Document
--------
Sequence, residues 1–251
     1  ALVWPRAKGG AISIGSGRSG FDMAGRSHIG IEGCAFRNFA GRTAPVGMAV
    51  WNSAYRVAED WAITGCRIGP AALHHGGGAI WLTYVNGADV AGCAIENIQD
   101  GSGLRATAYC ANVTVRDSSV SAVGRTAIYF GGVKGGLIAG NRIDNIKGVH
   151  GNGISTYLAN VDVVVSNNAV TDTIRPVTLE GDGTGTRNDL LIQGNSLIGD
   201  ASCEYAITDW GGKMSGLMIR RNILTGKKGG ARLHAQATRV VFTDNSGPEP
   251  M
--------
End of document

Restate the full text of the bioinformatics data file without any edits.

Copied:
Sequence, residues 1–251
     1  ALVWPRAKGG AISIGSGRSG FDMAGRSHIG IEGCAFRNFA GRTAPVGMAV
    51  WNSAYRVAED WAITGCRIGP AALHHGGGAI WLTYVNGADV AGCAIENIQD
   101  GSGLRATAYC ANVTVRDSSV SAVGRTAIYF GGVKGGLIAG NRIDNIKGVH
   151  GNGISTYLAN VDVVVSNNAV TDTIRPVTLE GDGTGTRNDL LIQGNSLIGD
   201  ASCEYAITDW GGKMSGLMIR RNILTGKKGG ARLHAQATRV VFTDNSGPEP
   251  M